Solutions - Two-Stroke Engine Principles
Learn More About Two-Stroke Engines
These websites provide illustrated (and in some cases, animated) descriptions of the two-stroke engine:
Visit the websites of the following organizations to learn more about two-stroke engine technology:
- Society of Automotive Engineers (SAE)
The Society of Automotive Engineers bills itself as a one-stop resource for technical information and expertise used in designing, building, maintaining, and operating self-propelled vehicles for use on land or sea, in air or space. Nearly 80,000 engineers, business executives, educators, and students from more than 97 countries form SAE's network of membership who share information and exchange ideas for advancing the engineering of mobility systems. SAE says its technical committees write more new aerospace and automotive engineering standards than any other standards-writing organization in the world.
- Southwest Research Institute (SwRI)
The Automotive Products and Emissions Research Division is the largest of SwRI's 11 technical divisions. With a staff of about 600 employees, the division is internationally known for its fuels, lubricants, and emissions research activities. The division says its three departments work to uphold the longstanding tradition of quality and client response, started in 1947. The division helps clients get automotive products to the market and keep them there in response to regulation and competition. SwRI offers a broad range of services for product research, product development, and product qualification of automotive components and automotive fluids for on-road, off-road, rail, and water-borne transportation systems, as well as recreational vehicles and stationary power equipment.
- Fuel Efficiency Automobile Test Data Center (FEAT)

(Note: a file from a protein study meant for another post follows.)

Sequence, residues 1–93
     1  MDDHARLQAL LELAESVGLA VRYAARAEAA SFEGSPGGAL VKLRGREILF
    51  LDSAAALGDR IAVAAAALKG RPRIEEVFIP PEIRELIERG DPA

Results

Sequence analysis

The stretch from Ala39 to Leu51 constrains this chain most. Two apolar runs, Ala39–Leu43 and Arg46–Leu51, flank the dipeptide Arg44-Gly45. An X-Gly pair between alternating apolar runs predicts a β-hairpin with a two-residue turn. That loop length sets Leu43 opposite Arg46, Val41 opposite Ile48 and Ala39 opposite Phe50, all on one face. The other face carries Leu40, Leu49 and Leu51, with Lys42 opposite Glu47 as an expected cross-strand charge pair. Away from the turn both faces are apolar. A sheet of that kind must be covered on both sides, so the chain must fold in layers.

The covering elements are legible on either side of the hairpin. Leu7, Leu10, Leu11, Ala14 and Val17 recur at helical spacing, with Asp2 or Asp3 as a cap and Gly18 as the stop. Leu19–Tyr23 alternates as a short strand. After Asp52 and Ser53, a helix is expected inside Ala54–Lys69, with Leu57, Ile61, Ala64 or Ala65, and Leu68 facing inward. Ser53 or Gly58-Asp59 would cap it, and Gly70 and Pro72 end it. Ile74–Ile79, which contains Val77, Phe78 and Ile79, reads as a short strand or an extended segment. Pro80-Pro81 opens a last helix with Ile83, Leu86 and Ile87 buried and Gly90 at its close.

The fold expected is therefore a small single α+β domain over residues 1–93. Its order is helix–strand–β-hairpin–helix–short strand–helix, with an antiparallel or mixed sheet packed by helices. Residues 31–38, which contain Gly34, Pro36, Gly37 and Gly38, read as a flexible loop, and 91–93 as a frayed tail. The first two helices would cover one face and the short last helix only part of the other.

This site provides access to much of the remote sensing work emissions scientists at the University of Denver have been involved in since 1987. That work includes emissions data collected to date in 21 countries around the world and in more than 25 U.S. locations, including snowmobile emissions in Yellowstone National Park. Emissions data from snowmobiles are available at the website. Where available reports and links to pertinent publications are provided to support the databases.
The following books are good primers on two-stroke engines:
The Two-stroke Cycle Engine
John B. Haywood, Eran Sher
New York, N.Y.
Hardcover (June 1999)
Society of Automotive Engineer; ISBN: 0768003237
This is a comprehensive professional reference on the history, operating and performance characteristics, and the design of two-stroke cycle engines. It presents a coherent and up-to-date summary of information on this widely used and promising internal combustion engine concept. The book develops a fundamental understanding of the processes essential to the successful operation of the two-stroke cycle engine, and describes and evaluates the various types of models that have been developed to predict aspects of two-stroke engine operation. It reviews and explains the experimental methods that are used in two-stroke engine development and testing.
Design and Simulation of Two-Stroke Engines
By Gordon P. Blair
This classic textbook discusses principles of automotive design specific to two-stroke engines. The book includes new theory the author has developed that has not been published before, particularly in relation to two-stroke engines, including: unsteady gas flow in engine ducting; scavenging flow within the cylinder; two-zone combustion to compute exhaust emissions; computation of intake and exhaust sound pressure levels; discharge coefficients or ports and valves.
Papers and Proceedings
The most comprehensive collection of scientific papers on small engines, including proceedings from technical conferences and workshops, can be found at the Society of Automotive Engineers website.
According to the Southwest Research Institute, two-stroke engines, with their small size and mechanical simplicity, provide unique benefits to engine designers, manufacturers, and users. Although two-stroke engines have been gradually abandoned for automotive use because of seemingly insurmountable emissions problems, new technology such as cost-effective in-cylinder fuel injection may lead to their resurgence.